Desmond Harmar-Smith was succeeded in the late 1950s by James Ison, who had been Senior Master. In 1963, for whatever reason, Ison wrote to the Governors of Blundell’s School to see if they had any wish to take over St Aubyn’s, but they replied that they had ‘too much on their plate without taking on further liabilities.’ This line of thought was abandoned, and St Aubyn’s continued to prosper through the turbulent 60s and 70s.

The HernimansAndrew and Susan Herniman purchased Howden Court from James Ison and another master, Gerald Wigram (known to the boys as ‘Wiggy’) in 1978. At that time the School contained 48 boys aged between 8 and 13, about half of whom were boarders. As in other schools, financial reasons and alterations in lifestyles and expectations made changes necessary: after half a century the boys-only regime gave way in 1980 to the admission of girls, initially only as day pupils. Just three years later the Hernimans purchased the Redvers House Pre-Prep School, which catered for children from 4 to 8 years of age, and re-opened it at Howden. Girls were taken as boarders from 1987.

Tiverton schools were re-organised at the end of 1990 – ‘middle schools’ taking 9 to 13 year-old children were abandoned in favour of all those over 11 going to Tiverton High School. This upheaval, however, led to St Aubyn’s flourishing as never before, unlike Ravenswood at nearby Stoodleigh which closed in 1993, providing a massive influx of 40 pupils to St Aubyn’s. The team of Andrew and Sue Herniman, who also acted as Bursar, and, by this time, Brian McDowell as Director of Studies and Headmaster, continued with their innovations: at the same time as Blundell’s began taking pupils from 11 years of age.

Nick Folland and pupilsSt Aubyn’s and Blundell’s had for many years taken decisions separately, but always considered each other’s well-being – after all, Blundell’s had admitted more than 500 Old Aubynians over the years – so it came as no great surprise when it was announced that in 2000 St Aubyn’s was to move to the Blundell’s campus. Its new home was centred on Milestones, formerly the Blundell’s Hospital and a Day-Boys house, which was enlarged and new buildings erected on Mayfield. In the following year, Brian McDowell was succeeded as Headmaster by Nick Folland, who had taught P.E. and Geography at Blundell’s since 1989.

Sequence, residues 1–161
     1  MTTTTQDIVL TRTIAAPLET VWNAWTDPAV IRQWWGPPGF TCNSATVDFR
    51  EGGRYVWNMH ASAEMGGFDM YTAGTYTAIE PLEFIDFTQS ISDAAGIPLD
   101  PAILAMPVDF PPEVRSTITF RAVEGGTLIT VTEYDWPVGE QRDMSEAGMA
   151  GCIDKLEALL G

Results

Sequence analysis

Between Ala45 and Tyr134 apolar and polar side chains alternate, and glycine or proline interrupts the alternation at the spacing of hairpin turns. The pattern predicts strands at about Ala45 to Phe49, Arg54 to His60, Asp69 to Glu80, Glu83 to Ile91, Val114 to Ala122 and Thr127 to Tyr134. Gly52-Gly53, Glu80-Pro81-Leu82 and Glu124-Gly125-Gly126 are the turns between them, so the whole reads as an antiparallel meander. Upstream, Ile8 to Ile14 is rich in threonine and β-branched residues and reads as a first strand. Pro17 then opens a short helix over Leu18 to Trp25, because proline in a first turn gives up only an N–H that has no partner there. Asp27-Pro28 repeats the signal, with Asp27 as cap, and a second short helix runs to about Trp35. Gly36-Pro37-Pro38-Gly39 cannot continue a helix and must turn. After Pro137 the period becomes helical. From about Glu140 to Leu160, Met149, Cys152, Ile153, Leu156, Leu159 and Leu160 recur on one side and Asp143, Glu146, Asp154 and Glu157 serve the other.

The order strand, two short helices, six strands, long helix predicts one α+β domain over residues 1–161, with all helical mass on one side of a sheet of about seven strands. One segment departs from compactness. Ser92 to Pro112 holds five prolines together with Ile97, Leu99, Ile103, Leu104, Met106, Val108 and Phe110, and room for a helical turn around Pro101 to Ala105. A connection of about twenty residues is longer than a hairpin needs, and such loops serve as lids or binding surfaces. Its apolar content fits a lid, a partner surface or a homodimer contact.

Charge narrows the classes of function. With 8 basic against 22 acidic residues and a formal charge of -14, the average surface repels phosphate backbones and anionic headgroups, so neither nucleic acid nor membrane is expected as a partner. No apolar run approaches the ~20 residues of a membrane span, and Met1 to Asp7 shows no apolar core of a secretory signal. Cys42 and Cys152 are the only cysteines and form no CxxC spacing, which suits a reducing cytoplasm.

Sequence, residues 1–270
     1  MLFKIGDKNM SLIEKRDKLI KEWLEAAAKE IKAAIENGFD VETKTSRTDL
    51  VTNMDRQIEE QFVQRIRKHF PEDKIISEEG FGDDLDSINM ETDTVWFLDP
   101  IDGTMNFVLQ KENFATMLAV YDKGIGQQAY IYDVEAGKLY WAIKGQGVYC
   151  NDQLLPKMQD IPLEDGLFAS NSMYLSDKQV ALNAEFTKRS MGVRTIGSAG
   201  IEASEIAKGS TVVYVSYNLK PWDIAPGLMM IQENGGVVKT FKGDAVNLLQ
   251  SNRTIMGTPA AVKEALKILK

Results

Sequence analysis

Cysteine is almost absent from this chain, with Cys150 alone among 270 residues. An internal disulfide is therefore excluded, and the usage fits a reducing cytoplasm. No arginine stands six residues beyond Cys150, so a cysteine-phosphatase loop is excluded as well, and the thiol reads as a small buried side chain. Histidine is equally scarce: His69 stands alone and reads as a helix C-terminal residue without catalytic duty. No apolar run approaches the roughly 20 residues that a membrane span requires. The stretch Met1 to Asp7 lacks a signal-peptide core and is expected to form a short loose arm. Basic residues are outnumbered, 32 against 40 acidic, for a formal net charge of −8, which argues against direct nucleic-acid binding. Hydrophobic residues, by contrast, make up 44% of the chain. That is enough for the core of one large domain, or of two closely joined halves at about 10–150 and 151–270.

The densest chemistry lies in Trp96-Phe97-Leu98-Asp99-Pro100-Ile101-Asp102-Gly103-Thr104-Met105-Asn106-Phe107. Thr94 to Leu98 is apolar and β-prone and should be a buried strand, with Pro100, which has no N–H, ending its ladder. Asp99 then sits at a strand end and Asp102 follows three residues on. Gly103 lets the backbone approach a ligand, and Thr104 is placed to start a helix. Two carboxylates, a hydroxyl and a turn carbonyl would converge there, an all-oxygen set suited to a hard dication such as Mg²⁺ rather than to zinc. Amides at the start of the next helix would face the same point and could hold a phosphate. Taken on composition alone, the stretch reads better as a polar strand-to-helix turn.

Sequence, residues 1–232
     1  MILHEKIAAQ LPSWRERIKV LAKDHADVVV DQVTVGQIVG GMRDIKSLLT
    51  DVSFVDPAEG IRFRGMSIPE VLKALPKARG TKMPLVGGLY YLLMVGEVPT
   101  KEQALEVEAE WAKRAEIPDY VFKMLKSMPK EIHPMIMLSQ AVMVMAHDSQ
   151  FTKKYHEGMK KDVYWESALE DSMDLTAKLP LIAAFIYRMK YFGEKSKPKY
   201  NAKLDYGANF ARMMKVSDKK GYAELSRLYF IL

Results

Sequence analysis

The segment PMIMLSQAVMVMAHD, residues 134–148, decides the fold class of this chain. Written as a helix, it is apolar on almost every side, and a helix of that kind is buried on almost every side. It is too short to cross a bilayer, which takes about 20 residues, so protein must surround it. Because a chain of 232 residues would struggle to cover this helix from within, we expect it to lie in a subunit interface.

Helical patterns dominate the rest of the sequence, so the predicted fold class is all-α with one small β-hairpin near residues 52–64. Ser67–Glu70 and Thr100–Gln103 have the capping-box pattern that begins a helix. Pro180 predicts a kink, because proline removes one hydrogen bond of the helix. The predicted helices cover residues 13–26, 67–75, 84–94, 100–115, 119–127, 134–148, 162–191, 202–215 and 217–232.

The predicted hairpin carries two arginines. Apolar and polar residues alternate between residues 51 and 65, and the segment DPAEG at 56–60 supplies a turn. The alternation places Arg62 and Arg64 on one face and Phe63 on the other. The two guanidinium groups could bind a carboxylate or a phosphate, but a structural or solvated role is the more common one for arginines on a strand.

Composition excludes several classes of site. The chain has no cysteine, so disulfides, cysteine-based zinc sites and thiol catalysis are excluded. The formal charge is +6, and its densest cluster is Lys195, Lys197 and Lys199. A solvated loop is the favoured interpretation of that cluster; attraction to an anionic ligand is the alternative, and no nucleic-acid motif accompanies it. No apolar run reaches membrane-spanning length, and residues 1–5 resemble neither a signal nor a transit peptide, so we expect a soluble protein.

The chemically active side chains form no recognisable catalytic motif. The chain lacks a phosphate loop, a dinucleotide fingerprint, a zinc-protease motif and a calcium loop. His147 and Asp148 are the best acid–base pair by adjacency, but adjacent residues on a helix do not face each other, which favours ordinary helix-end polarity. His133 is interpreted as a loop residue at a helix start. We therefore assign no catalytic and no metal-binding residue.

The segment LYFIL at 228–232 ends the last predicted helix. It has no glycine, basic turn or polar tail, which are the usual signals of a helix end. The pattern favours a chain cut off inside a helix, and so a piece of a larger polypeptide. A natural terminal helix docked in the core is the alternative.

In 2004 with help from the Friend’s Association, the Drama and Music Studio was opened. This Studio allowed for rehearsals and practices to take place in their own dedicated space. It was also designed to accommodate storage for the enormous amount of costumes and props which have carefully been made and collected over the years.

In 2006, after 77 years, St Aubyn’s Preparatory School as a name ceased to exist; changing to Blundell’s Preparatory School. This year also saw the construction of a Wildlife Area and Pond which added immensely to Science and other lessons as well as Conservation Club. In Autumn 2006 the new refurbished Pre-Prep was opened providing increased space and purpose built classrooms for our three to seven year olds.

Autumn 2008 saw an extension to the Prep Building increasing the building by a third. Dedicated Food Technology, Design Technology, Art and a larger Hall were among some of the major changes.

A change in Head Master came in Autumn 2011 with the arrival of Andy Southgate who moved with his family from South Oxfordshire. Among many new innovations came the emphasis on Outdoor Learning. ‘The Hub’ was constructed in 2013 creating a focal point for lessons outside.

Through all the changes, the old school’s ethos still remains – Non Sibi (Not for Ourselves) still holds true.